CHICAGO — One hour of moderate to vigorous exercise a day can help teens beat the effects of a common obesity-related gene with the nickname "fatso," according to a new European study.
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The message for adolescents is to get moving, said lead author Jonatan Ruiz of the Karolinska Institute in Sweden.
"Be active in your way," Ruiz said. "Activities such as playing sports are just fine and enough."
The study, released Monday, appears in the April edition of Archives of Pediatrics and Adolescent Medicine.
The research supports U.S. guidelines that tell children and teenagers to get an hour or more of physical activity daily, most of it aerobic activity such as running, jumping rope, swimming, dancing and bicycling.
Scientists are finding evidence that both lifestyle and genes cause obesity and they're just learning how much diet and exercise can offset the inherited risk.
One gene involved with obesity, the FTO gene, packs on the pounds when it shows up in a variant form. Adults who carry two copies of the gene variant — about 1 in 6 people — weigh on average 7 pounds more than people who don't.
In the new study, 752 teenagers, who had their blood tested for the gene variant, wore monitoring devices for a week during waking hours to measure their physical activity.
Exercising an hour or more daily made a big difference for the teens who were genetically predisposed to obesity. Their waist measurements, body mass index scores and body fat were the same, on average, as the other teenagers with regular genes.
But the teens with the gene variant had more body fat, bigger waists and higher BMI if they got less than an hour of exercise daily. The results were similar for boys and girls.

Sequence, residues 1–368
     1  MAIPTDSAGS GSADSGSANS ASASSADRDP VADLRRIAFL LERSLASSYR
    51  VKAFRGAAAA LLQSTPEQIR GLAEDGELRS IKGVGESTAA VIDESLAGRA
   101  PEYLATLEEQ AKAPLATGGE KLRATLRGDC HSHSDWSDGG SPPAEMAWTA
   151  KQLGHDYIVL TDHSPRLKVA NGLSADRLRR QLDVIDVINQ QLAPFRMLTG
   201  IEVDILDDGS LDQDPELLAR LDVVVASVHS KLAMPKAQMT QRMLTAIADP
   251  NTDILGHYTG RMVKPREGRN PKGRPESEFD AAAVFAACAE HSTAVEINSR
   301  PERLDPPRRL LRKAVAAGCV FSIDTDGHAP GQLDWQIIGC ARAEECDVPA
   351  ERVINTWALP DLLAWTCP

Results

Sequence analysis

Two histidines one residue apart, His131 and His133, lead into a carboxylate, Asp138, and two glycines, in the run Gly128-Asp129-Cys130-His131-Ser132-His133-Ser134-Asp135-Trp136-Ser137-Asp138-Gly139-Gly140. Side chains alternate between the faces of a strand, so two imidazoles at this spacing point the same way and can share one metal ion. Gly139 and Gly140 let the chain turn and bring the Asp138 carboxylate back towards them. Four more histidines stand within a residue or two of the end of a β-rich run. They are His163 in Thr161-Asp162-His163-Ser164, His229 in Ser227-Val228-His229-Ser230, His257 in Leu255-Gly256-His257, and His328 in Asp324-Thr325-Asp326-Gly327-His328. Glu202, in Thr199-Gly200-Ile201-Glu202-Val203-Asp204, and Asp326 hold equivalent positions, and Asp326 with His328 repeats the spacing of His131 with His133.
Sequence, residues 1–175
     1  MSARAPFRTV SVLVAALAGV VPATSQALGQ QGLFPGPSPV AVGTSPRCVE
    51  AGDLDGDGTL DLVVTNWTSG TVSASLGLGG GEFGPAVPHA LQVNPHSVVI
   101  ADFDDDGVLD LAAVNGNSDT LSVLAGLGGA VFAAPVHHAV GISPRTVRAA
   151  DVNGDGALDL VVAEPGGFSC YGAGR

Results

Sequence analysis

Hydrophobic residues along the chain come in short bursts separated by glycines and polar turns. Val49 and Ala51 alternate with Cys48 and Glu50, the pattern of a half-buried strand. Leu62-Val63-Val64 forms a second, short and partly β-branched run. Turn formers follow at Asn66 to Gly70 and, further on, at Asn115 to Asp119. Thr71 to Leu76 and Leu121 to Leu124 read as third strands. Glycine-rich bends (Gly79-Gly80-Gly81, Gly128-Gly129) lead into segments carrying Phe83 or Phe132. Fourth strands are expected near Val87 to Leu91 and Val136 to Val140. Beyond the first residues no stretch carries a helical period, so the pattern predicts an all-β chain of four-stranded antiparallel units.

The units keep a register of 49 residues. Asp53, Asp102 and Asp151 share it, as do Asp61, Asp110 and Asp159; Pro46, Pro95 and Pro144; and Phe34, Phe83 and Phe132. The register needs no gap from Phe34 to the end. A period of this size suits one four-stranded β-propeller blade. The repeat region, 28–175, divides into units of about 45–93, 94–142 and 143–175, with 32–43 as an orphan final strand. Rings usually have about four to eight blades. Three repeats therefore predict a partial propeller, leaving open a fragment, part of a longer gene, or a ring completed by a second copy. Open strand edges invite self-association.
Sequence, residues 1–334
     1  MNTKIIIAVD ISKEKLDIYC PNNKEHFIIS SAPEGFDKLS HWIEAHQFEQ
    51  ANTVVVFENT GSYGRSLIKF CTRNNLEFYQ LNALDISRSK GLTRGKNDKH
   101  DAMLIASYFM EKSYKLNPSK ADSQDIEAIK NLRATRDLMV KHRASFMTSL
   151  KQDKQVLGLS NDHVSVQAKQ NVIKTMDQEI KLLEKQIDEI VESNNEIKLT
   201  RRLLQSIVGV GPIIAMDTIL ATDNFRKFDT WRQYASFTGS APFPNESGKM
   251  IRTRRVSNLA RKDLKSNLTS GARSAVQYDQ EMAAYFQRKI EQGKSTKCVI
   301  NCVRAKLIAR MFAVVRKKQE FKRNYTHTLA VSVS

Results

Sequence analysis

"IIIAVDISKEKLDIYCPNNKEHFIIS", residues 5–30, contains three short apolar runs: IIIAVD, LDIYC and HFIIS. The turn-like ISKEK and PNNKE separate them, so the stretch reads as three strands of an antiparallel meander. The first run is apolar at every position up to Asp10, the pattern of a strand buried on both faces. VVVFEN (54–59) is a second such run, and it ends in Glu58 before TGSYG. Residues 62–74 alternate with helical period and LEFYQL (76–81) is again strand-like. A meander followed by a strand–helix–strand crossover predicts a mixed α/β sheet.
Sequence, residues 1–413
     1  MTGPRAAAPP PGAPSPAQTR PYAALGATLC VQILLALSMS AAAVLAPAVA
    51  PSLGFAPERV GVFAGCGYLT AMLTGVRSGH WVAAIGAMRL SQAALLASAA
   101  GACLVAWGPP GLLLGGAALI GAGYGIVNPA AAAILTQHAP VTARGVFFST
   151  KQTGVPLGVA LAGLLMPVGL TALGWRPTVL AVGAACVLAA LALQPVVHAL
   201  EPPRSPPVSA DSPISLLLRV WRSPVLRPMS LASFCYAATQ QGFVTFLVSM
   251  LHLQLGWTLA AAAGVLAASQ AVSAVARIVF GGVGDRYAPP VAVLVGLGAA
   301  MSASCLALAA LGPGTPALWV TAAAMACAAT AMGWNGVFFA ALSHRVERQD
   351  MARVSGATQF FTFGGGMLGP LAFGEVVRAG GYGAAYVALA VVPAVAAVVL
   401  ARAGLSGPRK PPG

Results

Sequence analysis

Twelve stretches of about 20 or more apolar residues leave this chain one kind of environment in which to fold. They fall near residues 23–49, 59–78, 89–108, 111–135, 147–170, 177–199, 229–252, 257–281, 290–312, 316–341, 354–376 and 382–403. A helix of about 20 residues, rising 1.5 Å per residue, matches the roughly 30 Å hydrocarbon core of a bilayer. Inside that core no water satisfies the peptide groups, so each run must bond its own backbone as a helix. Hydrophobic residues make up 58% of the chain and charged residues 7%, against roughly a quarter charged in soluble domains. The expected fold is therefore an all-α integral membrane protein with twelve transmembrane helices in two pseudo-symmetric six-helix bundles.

BMI calculatorThe teens lived in Greece, Germany, Belgium, France, Hungary, Italy, Sweden, Austria and Spain. The study was funded by the Spanish and Swedish governments and the European Union.
The new study found that most of the teenagers had at least one copy of the variant gene. Only 37 percent had regular genes. The rest had either one of two copies of the pesky fatso gene.
An earlier study in Amish adults in Lancaster County, Pa., found they needed three to four hours of moderate activity daily to beat the gene. The adults in that study did things like brisk walking, housecleaning and gardening.
The teens in the new study may have exercised more vigorously than the Amish adults, Ruiz said. The new analysis was designed to see whether the current U.S. guidelines — which specify a moderate to vigorous level of exercise for an hour a day — made a difference for kids.
The lead author of the Amish study, Evadnie Rampersaud of the University of Miami, said the new findings are "very interesting" because they suggest one hour daily spent exercising can be enough for teenagers at risk.
University of Miami researchers now are studying adults in an employee wellness program to see what it takes for them to overcome the fatso gene, Rampersaud said.
"The message is clear: genes are not destiny," said Dr. Alan Shuldiner of the University of Maryland, a co-author of the Amish study. "Those with obesity susceptibility genes should be especially motivated to engage in a physically active lifestyle."
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